The Division has said," that the scout leader may have shot the wrong
bear while protecting the boy scouts and is still pending charges."
Could it alsobe true that the division could have shot thewrong
bear, they don't know for sure if that was bear or not Are pending
charges going to placed on them. JustCurious.
The Utah DWR loses a negligence case before the Utah Supreme Court in the Sam
Ives case where the 11 year old boy was mauled to death by a bear. The high
court found the state negligent. So now the policy seems to be just go out and
kill problem bears and answer questions later. They need to explain their
It frustrates and saddens me to read stories like this, because the need to put
down the animal is almost always due to human behavior, and can almost always be
avoided by modifying said behavior. Human stupidity, more than anything else,
increases the likelihood of having a negative wildlife encounter, and poses a
significant danger to both other humans and to wildlife in the outdoors.We have opportunities for lots of amazing outdoor experiences here in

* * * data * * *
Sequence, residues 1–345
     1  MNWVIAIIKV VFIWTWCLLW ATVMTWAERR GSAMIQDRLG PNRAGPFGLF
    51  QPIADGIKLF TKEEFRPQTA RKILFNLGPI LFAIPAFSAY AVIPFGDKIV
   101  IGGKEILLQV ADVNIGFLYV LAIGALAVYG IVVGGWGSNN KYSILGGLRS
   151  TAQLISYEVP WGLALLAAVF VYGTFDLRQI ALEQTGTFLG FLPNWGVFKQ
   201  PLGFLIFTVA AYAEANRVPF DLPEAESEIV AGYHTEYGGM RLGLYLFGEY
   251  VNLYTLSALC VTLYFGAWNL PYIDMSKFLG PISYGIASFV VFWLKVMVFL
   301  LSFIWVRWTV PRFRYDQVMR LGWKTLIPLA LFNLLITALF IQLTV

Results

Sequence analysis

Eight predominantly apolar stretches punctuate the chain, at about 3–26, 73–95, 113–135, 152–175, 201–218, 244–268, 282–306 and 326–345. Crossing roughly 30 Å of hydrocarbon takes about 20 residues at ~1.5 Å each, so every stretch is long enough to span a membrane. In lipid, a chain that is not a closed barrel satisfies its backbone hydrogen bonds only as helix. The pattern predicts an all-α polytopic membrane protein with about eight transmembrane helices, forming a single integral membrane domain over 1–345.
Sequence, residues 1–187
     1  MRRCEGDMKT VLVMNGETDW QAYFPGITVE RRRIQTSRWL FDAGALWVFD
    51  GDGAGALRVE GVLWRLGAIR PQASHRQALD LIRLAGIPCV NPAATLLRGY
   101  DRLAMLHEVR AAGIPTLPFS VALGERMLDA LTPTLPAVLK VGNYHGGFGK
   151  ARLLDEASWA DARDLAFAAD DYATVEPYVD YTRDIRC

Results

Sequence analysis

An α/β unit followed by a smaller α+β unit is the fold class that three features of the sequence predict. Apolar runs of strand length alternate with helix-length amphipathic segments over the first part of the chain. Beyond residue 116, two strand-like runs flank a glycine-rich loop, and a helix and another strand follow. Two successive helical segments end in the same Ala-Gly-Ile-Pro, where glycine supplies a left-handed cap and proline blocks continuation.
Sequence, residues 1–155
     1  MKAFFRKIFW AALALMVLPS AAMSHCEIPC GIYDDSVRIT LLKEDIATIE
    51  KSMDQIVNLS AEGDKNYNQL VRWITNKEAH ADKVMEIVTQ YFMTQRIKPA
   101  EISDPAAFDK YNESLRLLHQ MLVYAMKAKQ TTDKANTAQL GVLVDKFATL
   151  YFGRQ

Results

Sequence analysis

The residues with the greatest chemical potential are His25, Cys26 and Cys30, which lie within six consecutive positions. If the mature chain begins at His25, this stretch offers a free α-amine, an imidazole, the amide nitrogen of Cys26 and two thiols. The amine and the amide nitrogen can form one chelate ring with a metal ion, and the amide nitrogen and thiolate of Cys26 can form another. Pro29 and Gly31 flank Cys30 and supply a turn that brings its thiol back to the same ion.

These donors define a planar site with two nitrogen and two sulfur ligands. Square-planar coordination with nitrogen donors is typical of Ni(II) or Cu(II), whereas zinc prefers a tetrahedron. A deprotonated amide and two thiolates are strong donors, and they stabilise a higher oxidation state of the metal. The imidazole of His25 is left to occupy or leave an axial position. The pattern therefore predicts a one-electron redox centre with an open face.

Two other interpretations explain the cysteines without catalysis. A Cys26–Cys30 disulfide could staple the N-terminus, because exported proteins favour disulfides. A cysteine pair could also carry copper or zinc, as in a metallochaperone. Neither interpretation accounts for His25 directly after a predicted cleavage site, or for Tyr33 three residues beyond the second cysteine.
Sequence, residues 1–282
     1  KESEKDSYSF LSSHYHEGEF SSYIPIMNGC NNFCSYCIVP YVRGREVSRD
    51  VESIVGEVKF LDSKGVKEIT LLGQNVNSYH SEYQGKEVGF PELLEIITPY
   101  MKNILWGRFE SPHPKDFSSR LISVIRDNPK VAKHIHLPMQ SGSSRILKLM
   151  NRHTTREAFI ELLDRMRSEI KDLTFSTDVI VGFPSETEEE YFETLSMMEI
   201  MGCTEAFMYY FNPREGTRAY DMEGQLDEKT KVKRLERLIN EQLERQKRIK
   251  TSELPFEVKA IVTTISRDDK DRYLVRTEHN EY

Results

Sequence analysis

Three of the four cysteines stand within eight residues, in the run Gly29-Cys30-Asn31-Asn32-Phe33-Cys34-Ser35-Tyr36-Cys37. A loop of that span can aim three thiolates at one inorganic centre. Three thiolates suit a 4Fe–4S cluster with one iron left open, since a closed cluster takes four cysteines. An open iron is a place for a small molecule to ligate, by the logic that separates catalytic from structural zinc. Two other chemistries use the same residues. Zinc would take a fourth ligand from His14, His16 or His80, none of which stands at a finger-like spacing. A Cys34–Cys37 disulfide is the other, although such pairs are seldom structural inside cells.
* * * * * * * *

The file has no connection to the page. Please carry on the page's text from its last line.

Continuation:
Utah, but too many people venture into the outdoors uneducated and unprepared.
With regard to staying safe around wildlife, there is a lot of good, credible
information available. A good place to start is the Utah DWR website, and the
sections of the Yellowstone N.P. website that deal with wildlife safety.Instead of going into the backcountry armed, I would suggest investing
in bear spray, and knowing how to use it. Bear spray (or a firearm) should only
be an absolute last resort, though, as wildlife safety knowledge, preventative
measures, and common sense should always be the first line of defense against a
negative wildlife encounter.
Its not clear why they shot this bear rather than relocate it to another area.
Is the bear population increased so abundantly that they cannot be relocated or
allow a seasonal hunt to thin out the predators who are also competing with the
mountain lions on the increase? No mention of the mountain lions either and that
could turn into a problem also.The Utah DWR is not being forthright
in information on plans and future encounters with wild predators and camper
safety. Until there is reasonalbe explanation and information made public it
seems that if going into the hills a person should be armed, even in areas
restricting guns or shooting them in a national forest. The restrictive laws
were written at a time when predators were deemed extinct and not a threat to a
person or persons.